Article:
>>"Tree," the following passage occurs. Baden,
>>talking about his new island neighbors, states:
>>"The people are fat and happy, and my guess is
>>not more than half are dumb. Once or twice one
>>gets yaws or some such, and Rev. Robbins gives
>>him arsenic. Which cures it. Pooey!" (The italics
>>are Wolfe's; had he not used them I would have
>>highlighted the Pooey.)

(In Robert's original message, it was the sentence "Which cures it." which
was in italics.)

Does anyone know about the medicinal uses of arsenic?

Reading the quotation in cold print makes me realise how patronising and
dismissive Baden is about the very people he is supposed to have come to
help. Nutria has already mentioned the contrast between Baden's apparent
inactivity and Rob's industry. They also represent two different streams of
"development" for the island: Baden's is materialist and secular and Rob's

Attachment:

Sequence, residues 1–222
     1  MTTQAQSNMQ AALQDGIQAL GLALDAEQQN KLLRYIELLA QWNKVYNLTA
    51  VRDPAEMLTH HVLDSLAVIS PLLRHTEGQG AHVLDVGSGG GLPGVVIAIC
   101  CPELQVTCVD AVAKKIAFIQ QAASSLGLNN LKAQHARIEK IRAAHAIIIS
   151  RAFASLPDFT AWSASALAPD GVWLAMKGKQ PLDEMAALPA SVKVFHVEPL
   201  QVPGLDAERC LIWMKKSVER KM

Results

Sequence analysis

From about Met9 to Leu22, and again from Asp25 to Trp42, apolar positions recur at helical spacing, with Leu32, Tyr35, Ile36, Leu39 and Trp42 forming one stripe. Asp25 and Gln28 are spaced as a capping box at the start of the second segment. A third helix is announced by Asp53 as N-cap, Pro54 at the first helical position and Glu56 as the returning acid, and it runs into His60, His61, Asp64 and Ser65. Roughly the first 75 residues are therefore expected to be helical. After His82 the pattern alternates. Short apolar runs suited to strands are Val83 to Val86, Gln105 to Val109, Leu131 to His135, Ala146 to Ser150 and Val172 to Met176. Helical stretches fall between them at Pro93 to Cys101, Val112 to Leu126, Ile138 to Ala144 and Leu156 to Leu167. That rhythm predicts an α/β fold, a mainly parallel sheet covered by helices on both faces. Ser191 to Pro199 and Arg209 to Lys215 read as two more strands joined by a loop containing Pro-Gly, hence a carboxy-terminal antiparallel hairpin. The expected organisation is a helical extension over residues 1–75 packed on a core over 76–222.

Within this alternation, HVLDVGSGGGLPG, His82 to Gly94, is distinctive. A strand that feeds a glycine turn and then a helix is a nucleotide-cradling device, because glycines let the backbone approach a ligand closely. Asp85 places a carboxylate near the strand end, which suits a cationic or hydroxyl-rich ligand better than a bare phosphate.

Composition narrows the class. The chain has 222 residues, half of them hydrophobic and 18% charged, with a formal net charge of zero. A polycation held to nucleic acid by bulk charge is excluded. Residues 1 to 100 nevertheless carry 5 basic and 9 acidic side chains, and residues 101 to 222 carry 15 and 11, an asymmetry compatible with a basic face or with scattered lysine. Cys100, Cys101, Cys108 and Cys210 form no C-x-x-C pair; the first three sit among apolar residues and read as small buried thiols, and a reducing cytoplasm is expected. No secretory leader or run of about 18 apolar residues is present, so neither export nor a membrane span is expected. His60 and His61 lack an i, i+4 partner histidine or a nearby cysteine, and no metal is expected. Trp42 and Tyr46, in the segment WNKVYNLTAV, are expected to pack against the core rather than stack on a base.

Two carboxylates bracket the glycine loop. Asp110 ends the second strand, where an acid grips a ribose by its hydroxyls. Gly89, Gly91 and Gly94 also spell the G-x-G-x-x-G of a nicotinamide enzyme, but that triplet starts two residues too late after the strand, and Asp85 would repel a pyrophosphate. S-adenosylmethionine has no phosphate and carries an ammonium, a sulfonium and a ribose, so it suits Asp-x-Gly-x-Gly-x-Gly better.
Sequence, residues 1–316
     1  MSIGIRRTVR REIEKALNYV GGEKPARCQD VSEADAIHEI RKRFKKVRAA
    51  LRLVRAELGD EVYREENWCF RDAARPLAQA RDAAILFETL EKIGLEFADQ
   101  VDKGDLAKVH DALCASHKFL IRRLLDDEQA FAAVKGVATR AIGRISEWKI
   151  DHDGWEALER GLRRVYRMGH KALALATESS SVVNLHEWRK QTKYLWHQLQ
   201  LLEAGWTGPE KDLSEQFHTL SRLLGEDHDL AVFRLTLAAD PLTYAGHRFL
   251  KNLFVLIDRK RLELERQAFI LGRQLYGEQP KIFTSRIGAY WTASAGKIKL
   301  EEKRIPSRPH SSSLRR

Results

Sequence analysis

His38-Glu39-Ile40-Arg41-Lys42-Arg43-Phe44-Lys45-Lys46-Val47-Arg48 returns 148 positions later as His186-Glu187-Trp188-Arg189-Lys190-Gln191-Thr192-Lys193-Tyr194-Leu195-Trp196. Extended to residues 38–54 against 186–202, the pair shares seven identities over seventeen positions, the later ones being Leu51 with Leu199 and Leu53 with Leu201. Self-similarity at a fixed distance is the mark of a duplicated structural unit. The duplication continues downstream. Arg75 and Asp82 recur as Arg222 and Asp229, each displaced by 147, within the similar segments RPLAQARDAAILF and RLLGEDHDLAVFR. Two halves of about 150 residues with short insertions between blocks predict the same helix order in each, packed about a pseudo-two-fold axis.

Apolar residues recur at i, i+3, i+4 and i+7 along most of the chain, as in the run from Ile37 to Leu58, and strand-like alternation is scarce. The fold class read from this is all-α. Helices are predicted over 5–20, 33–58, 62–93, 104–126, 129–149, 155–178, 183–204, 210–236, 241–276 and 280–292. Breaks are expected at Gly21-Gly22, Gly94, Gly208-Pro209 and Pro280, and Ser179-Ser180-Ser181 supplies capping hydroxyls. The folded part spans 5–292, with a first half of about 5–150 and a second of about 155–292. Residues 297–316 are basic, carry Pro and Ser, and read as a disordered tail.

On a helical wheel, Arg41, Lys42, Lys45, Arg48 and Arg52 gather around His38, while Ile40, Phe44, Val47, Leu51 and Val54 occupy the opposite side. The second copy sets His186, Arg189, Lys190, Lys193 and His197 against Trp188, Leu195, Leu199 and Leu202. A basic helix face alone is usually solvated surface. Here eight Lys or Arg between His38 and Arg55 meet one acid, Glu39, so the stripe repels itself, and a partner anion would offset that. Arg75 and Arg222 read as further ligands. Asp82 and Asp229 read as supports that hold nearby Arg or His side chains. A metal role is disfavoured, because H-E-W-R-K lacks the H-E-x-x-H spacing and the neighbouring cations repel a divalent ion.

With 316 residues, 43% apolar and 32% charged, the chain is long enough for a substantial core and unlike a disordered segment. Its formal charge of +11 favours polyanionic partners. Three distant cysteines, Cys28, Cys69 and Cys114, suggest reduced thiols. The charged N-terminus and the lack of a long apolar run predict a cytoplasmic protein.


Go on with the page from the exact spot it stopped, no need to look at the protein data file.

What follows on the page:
is spiritual and, apparently, medicinal. Of the two, the sensitive
missionary comes out better in this story than the federal development man.

I seem to remember that in one of his interviews, possibly the one in
_Across the Wounded Galaxy_, Wolfe spoke approvingly of a friend of his who
was going off (to Africa, I think) to be a Christian missionary.

>>RB: "Baden," for those of us who speak German,
>>means "to bathe," and surely this is the most
>>relevant onomastic.

Yes! Baden does indeed go bathing in the shark-infested bay.

Robert refers to the story's titular tree being a possible reference to the
cross, while Mantis mentions a possible link with the Tree of Knowledge in
the Garden of Eden. Both seem likely. I'm sure that Baden's paradise isle
with a devilish shark is a deliberate, fallen, counterpart to Eden with its
cunning snake. I'm sure that the comment "The tree is my hat." is also an
indication of Hanga's underground and therefore, traditionally, hellish
nature. The Lord may refer to the Earth as his footstool, but Hanga's spirit
is dead and under the earth, with the tree as the marker of his grave.